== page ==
I’ve worked with business owners and CFOs from varying industries and backgrounds over the past 17 years, and in that time, I have become an accomplished student of facial expressions. Insurance is inherently esoteric, with the devil truly being in the details. My biggest enemy in terms of an expression is something I call “the glaze.” If you have kids or are married, you’ve undoubtedly encountered this look, and you know that when you see it, you’ve lost your listener to that happy place within their mind’s eye. Today’s topic is deep in the property insurance weeds, friends, so please try to stick with me and avoid your happy place for the next ten minutes. Doing so can have a major impact on your property claim experience, not to mention the difference between closing your doors permanently and reopening.
Most business owners who I encounter have done a good job of setting proper limits for their stuff (usually with an assist from their lender, who mandates that this coverage be in line). Buildings are normally insured to value, as is their inventory, machinery, etc. However, keep in mind that these coverage limits can only replace what you had. They do nothing to help you during the time it takes to rebuild and replace everything. Now, if your business is one that could pick up and relocate to a temporary location without missing a beat, then this “time element” coverage is not as crucial. But, if your location is crucial or the ability to manufacture your widgets would be impacted by a large property loss, then listen up.
Time element coverage is typically referred to as “business income” insurance. In the most simplistic terms, business income coverage does for the business what the business would have done for itself if no property claim had occurred. There are three main components of this coverage:
1. Normal profit
2. Payroll for key staff
3. Ongoing expenses that don’t cease after a claim (taxes, loan/lease payments, etc.)
There are four policy forms that cover business income, but the one we most often recommend is the business income and extra expense form. The coverage language not only reimburses you for the three key items above, but it also pays for expenses to expedite a re-opening either in your current location or a temporary location. Most business income coverage forms come with a 72-hour “deductible,” so don’t look for this coverage to come to the rescue for a short-term power outage or other types of short-lived crises.
My experience with large property claims has proven that the business income payment can actually exceed that of your property and personal property limits. The trick to establishing an ample business income limit is to share your historical financial data with your agent and be realistic about the time it would take for you to reopen should your business become a smoldering pile of ashes at some point in the future. Armed with that information, a competent commercial agent can work to establish not only the appropriate limit for your business but also the correct coinsurance or monthly limitation factors.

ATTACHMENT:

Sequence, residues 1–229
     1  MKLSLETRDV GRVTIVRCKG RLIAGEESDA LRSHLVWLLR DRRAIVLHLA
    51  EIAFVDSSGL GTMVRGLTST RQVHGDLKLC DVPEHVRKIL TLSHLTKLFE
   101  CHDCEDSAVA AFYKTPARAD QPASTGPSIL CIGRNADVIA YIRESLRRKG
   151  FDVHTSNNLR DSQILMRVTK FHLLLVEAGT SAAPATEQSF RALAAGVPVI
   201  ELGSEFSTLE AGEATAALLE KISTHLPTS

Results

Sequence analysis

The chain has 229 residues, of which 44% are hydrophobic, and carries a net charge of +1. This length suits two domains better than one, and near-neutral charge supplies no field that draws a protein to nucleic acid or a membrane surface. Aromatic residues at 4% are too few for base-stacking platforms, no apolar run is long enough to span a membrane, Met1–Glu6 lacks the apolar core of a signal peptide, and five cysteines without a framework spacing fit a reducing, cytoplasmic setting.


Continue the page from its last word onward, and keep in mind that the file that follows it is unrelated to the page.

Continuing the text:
You can also work to establish coverage preferences such as which employees will be deemed “essential” by your insurer at the time of loss (believe it or not, their opinion may differ from your own). While this coverage is not without a cost, business owners who elect to forego proper limits (or any coverage at all) would at least do well to go through the exercise of establishing just how large of a sum they are “self”-insuring.
Business income coverage can actually lead to a faster reaction from your property insurance carrier.
Now, the dirty little secret of business income coverage is that, in addition to making sure that your business survives, it can actually lead to a faster reaction from your property insurance carrier. After all, if they’re on the hook for paying your normal expenses and profit every month, they are incentivized to do everything in their power to get you back up and running as soon as possible.
As I said at the outset, you’ll need to fight “the glaze” when broaching this subject with your agent, but purchasing proper time element coverage can truly make the difference between reopening and being out of business forever.